The Ministry of Education recognizes the need to inculcate a culture of safety and security in all schools. The ultimate objective is to provide safe and secure school environments which will better enable teachers to fulfill their main duty of delivering the curriculum and students to concentrate on learning. Safety in schools is of paramount importance and necessary in supporting the all-round development of each child, giving him/her the opportunity to learn and achieve in a nurturing environment.
To that end, the Ministry has taken the lead in establishing clear guidelines and expectations for all practitioners which should enable them to take appropriate action where necessary. It is vital that all schools have a common understanding of these expectations and adhere to these norms. Achieving this end requires that every school develops a School Safety Plan which is aligned with the broader guidelines. The effective development of such a plan will be a collaborative initiative involving the entire school community. Ultimately, it is the involvement of the community and all education stakeholders which will be the essential element in creating and maintaining safe and secure school environments.
School records reveal that there are instances of disruptive behaviour. Many of these take place within the school or within the vicinity of the school and involve students and staff members. The advent of gangs within our schools have compounded the situation; largely contributing to the overall disregard for school rules and undermining the authority of teachers. In addition to misdemeanours, which are usually dealt with at the level of the schools’ administration, there have been a few incidents which are criminal in nature and have required the involvement of other agencies.
In other instances, there have been cases where issues unrelated to the school itself have found their way onto the schools’ premises. Incidents involving individuals who have informal relationships with the school, such as vendors and other community members, have also had implications for school safety. These clearly underscore the fact that partnerships are needed to address the issue of safe schools and administrators need to be fully aware of the options which are available, and the acceptable and expected action which should be taken.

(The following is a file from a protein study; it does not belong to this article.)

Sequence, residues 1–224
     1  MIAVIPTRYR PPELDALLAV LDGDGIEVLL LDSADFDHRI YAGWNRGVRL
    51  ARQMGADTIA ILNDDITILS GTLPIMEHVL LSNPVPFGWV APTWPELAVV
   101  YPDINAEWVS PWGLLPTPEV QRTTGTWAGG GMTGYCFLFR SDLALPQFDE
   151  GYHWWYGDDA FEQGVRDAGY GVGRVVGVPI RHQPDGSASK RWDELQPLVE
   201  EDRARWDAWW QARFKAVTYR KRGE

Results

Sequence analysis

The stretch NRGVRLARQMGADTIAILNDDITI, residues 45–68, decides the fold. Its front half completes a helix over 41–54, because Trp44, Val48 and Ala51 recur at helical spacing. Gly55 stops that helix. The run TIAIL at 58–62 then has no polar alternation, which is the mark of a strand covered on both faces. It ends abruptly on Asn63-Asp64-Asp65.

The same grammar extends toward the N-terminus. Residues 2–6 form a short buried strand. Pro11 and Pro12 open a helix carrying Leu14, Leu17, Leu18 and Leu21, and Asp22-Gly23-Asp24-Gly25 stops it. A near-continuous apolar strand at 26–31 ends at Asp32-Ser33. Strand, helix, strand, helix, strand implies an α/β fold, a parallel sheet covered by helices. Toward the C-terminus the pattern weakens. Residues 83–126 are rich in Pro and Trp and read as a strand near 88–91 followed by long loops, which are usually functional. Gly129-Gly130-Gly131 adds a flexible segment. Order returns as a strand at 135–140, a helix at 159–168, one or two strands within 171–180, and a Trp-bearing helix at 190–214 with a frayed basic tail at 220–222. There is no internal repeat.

Zero Tolerance in Guyana’s Education System
The Ministry of Education has taken a decision to adopt a zero-tolerance approach in relation to indiscipline in schools.
What is zero tolerance?
Zero tolerance is the policy of applying laws or penalties to even minor infringements in order to reinforce its overall importance and enhance deterrence.
- Sanctions are mandatory with limited discretion
The school is directed to report the offence to the Department of Education, including School Welfare Services according to the Manual of Guidelines for the Maintenance of Order and Discipline in Schools. The school must also apply sanctions to the offender, whether directly or through the established procedures – depending on the type and severity of the offence. Every offence must be reported and punished since warnings are not part of the zero tolerance concept.
- Sanctions are predetermined and consistent
Sanctions which are applied to an offender are decided upon before the offence is committed and do not take into account the circumstances under which the offence was committed. As outlined in the Manual of Guidelines for the Maintenance of Order and Disciplines in Schools, sanctions are applied by offence and not according to circumstances.